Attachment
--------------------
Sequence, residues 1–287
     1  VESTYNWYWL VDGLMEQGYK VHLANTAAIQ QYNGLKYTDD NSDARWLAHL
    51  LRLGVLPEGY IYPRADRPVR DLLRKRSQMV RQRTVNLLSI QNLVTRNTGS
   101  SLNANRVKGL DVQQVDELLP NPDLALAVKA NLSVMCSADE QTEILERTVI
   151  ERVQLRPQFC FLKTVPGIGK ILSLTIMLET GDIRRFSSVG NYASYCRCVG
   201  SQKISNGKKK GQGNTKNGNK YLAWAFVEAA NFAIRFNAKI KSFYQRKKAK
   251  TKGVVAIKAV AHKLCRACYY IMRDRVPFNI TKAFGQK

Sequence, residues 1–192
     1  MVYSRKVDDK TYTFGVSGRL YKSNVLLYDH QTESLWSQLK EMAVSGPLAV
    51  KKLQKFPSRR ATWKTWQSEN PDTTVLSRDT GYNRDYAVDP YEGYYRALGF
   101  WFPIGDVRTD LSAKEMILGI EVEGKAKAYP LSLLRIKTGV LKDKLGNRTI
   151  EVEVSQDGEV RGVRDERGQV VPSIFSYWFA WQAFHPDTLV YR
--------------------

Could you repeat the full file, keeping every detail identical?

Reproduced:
Sequence, residues 1–287
     1  VESTYNWYWL VDGLMEQGYK VHLANTAAIQ QYNGLKYTDD NSDARWLAHL
    51  LRLGVLPEGY IYPRADRPVR DLLRKRSQMV RQRTVNLLSI QNLVTRNTGS
   101  SLNANRVKGL DVQQVDELLP NPDLALAVKA NLSVMCSADE QTEILERTVI
   151  ERVQLRPQFC FLKTVPGIGK ILSLTIMLET GDIRRFSSVG NYASYCRCVG
   201  SQKISNGKKK GQGNTKNGNK YLAWAFVEAA NFAIRFNAKI KSFYQRKKAK
   251  TKGVVAIKAV AHKLCRACYY IMRDRVPFNI TKAFGQK

Sequence, residues 1–192
     1  MVYSRKVDDK TYTFGVSGRL YKSNVLLYDH QTESLWSQLK EMAVSGPLAV
    51  KKLQKFPSRR ATWKTWQSEN PDTTVLSRDT GYNRDYAVDP YEGYYRALGF
   101  WFPIGDVRTD LSAKEMILGI EVEGKAKAYP LSLLRIKTGV LKDKLGNRTI
   151  EVEVSQDGEV RGVRDERGQV VPSIFSYWFA WQAFHPDTLV YR